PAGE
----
In addition, the facilities at the Juvenile Justice Center were remodeled and the hours expanded – the Family Law Facilitator’s office there is now open five days a week. Room 30 is scheduled for a complete overhaul – it was previously the dependency court and has never really been adequate for its present use. Judge Liebmann applauded the extraordinary volume of assistance provided by this office: as of the date of the presentation, Sept. 17, the Family Law Facilitator’s Office had already served approximately 9000 litigants.
Family Court Services
Managing Attorney Alfonso Martinez is very approachable and open to your suggestions and concerns. Court supervisor Vince Morda has retired and been replaced by Brian Adams. For the foreseeable future, Adams will be both supervising the other mediators and also conducting mediations. “He will be busy,” remarked Judge Liebmann appreciatively.
Judge Liebmann acknowledged the hard work of the court secretaries, who tirelessly field calls from the “pro pers, attorneys, attorney’s staff, experts, significant others, and officious intermeddlers,” while also scheduling ex partes and preparing and processing orders. The judicial assistants and bailiffs are also crucial to the operation of the court, and work very hard.
Newest on the bench is Commissioner Judy Rhoades, presiding over Courtroom 34. She has been doing a marvelous job carrying the load in the most high-volume courtroom in the Family Law Department.
Judge Michael Lief was introduced to the family law bar about one year ago. His performance over the past year has shown that he is more than up to the task; he has fully demonstrated his grasp of and commitment to the family law assignment.
Judge Liebmann noted that he has known Judge Johnson for many years – “I remember litigating cases against her when some of you were in preschool.” She is truly an all-star.
Judge Smiley “absolutely epitomizes the family law judge. The superlatives do not do him justice. Year after year I struggle to find a way to convey the absolute awe I hold him in and to express the respect and admiration I have for him.”
Proposed Changes to Local Rules
One of the proposals is to revise Rule 4.05, which governs electronic filing. There will be a number of proposed limitations, including a page limit of 200. This limitation was inspired by an attorney who “lodged” a 2,000-page deposition transcript. Judge Liebmann encourages all to review the Judicial Council website for proposed changes to the California Rules of Court and forms and to make comments if appropriate. “I think we have all had the experience of seeing a new or revised mandatory form and questioning why someone, anyone, thought the change was a good idea. If no one pays attention to proposed changes or gives intelligent input, these things will continue to happen.”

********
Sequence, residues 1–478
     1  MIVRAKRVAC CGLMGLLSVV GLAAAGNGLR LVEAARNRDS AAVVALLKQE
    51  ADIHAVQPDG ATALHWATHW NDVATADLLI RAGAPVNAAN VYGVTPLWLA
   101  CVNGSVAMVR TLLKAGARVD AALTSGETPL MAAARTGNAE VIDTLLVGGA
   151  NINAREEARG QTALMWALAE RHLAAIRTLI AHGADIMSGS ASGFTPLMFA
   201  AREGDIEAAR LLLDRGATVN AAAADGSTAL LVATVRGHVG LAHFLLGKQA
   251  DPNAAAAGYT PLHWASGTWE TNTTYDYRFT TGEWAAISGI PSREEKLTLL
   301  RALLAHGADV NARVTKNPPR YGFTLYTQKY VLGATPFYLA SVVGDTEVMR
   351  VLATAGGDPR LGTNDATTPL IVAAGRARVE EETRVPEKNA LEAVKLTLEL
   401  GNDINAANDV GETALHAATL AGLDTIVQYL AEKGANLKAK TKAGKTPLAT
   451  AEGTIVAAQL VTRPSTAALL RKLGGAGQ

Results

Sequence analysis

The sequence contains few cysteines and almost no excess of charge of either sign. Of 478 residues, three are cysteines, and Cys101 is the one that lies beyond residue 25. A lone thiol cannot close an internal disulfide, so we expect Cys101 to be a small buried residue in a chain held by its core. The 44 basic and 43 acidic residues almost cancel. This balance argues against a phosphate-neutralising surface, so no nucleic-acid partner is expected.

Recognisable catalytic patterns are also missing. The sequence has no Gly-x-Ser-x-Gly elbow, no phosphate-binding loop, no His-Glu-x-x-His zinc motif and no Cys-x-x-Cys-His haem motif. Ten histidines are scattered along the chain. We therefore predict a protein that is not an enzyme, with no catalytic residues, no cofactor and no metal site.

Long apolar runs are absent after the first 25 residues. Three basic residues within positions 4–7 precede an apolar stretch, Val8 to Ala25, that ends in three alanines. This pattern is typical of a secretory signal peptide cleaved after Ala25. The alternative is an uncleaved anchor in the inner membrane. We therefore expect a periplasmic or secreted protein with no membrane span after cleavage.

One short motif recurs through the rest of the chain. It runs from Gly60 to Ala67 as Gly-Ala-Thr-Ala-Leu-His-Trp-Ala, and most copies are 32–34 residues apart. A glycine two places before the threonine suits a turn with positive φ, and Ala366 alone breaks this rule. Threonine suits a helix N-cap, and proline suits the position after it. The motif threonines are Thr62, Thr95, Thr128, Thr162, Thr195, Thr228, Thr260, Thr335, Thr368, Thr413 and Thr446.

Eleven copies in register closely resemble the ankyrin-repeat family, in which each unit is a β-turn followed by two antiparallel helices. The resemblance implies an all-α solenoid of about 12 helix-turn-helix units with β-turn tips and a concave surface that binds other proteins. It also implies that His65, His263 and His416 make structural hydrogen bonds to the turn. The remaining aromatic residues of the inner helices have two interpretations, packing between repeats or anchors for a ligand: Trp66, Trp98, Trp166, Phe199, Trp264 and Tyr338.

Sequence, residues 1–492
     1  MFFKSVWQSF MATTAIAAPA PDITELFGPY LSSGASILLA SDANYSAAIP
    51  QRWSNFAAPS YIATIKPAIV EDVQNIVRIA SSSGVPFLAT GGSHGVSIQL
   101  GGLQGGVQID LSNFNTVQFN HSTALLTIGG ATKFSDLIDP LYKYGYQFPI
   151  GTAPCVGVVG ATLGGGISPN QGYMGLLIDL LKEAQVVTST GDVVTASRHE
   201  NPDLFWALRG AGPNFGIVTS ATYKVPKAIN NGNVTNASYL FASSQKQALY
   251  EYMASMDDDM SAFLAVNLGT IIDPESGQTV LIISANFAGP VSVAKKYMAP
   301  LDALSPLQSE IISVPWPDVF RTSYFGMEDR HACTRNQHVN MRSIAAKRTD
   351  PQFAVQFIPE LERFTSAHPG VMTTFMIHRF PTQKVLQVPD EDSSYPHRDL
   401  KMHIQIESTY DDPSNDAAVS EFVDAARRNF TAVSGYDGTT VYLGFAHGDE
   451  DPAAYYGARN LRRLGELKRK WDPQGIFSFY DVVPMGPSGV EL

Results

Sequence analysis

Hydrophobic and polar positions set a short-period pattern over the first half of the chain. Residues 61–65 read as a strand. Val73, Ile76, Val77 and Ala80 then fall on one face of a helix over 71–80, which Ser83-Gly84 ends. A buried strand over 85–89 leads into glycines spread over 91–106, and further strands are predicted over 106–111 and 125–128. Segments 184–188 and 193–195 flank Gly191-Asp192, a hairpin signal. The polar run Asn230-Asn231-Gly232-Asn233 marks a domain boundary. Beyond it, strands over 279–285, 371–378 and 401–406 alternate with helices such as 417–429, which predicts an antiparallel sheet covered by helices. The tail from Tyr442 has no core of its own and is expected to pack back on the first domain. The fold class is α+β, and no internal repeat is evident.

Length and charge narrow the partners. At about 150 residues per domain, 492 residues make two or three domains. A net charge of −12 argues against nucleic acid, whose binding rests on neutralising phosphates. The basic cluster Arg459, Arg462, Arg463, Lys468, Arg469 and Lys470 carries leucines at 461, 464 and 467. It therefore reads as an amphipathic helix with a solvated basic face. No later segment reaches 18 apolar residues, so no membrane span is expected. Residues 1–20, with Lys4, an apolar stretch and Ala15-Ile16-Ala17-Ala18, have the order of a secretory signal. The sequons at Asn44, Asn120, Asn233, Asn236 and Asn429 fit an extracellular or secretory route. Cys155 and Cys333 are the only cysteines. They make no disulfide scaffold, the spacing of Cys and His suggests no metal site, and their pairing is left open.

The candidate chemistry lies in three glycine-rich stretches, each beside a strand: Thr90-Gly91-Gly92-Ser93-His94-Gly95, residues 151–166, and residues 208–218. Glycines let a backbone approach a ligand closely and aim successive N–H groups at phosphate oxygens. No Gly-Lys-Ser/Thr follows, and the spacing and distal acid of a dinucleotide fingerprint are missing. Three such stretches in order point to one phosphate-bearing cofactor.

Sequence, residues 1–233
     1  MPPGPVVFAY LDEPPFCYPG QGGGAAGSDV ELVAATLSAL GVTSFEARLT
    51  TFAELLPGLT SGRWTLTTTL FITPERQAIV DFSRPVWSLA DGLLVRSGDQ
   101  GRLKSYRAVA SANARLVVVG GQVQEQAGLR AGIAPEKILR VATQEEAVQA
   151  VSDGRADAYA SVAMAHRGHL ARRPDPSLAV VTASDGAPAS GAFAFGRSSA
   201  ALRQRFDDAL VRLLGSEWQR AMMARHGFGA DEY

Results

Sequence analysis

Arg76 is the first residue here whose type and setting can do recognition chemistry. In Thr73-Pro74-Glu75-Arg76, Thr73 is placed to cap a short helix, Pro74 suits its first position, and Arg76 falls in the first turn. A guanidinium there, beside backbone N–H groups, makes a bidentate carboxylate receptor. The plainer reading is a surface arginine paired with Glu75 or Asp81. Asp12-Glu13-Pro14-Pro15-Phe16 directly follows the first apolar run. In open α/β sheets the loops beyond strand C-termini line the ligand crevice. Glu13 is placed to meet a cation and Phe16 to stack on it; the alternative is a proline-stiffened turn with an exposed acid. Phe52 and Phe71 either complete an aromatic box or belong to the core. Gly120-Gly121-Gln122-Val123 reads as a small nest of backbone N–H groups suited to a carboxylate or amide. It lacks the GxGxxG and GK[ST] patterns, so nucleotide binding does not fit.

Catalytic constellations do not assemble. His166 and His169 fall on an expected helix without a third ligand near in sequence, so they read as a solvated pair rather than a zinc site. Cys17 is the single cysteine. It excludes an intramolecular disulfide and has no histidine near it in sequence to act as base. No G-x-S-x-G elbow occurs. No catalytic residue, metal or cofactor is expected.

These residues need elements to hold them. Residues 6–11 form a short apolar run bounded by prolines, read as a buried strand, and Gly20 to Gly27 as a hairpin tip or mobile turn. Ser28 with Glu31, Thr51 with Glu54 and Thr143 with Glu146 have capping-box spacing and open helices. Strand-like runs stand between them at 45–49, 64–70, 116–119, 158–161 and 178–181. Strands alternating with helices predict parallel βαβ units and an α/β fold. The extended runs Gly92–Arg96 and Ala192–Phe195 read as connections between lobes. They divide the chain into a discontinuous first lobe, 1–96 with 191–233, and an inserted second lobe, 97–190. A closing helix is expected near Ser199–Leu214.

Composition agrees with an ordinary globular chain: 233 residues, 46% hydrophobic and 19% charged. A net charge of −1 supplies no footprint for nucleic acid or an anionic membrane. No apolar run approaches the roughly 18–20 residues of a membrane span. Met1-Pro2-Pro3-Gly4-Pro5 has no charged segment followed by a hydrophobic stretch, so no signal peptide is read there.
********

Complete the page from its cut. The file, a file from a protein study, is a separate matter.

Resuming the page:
The new rules will take effect Jan. 1, 2020.
Civility and Professionalism
Noting that there have been no groundbreaking new family law cases or statutes to discuss this year, Judge Liebmann turned his attention to declining civility in our practice. Although the professionalism and cooperation that attorneys show to one another “has been the hallmark of the Ventura County Bar and has distinguished it from some of our nearby counties,” Judge Liebman noted a “slow but accelerating erosion of that ethos.” He expressed dismay at the noticeable increase in the number of personal comments about opposing counsel as well as the number of requests for Family Code section 271 sanctions “due to opposing counsel taking a different view of how the case should proceed. It is not a good trend.”
Judge Liebmann started thinking about this topic while reading Wendy Lascher’s article in the September CITATIONS about recognizing the importance of the quality of our lives outside of work. “Remember,” Judge Liebmann said, “you belong to an ancient and honorable profession. You are officers of the court. Please act as such. And if you encounter someone who is not living up to the principles of the profession – do your absolute best to model fitting behavior rather than responding in kind.”
Claudia Siverman is a member of CITATIONS’ editorial board. She is a Family Law Specialist, certified by the California State Bar Board of Legal Specialization. She may be reached at (805) 981-3908.
FAMILY LAW COMMISSIONER JUDITH RHODES: GIVING THE COMMUNITY A VOICE 2019
by Claudia Silverman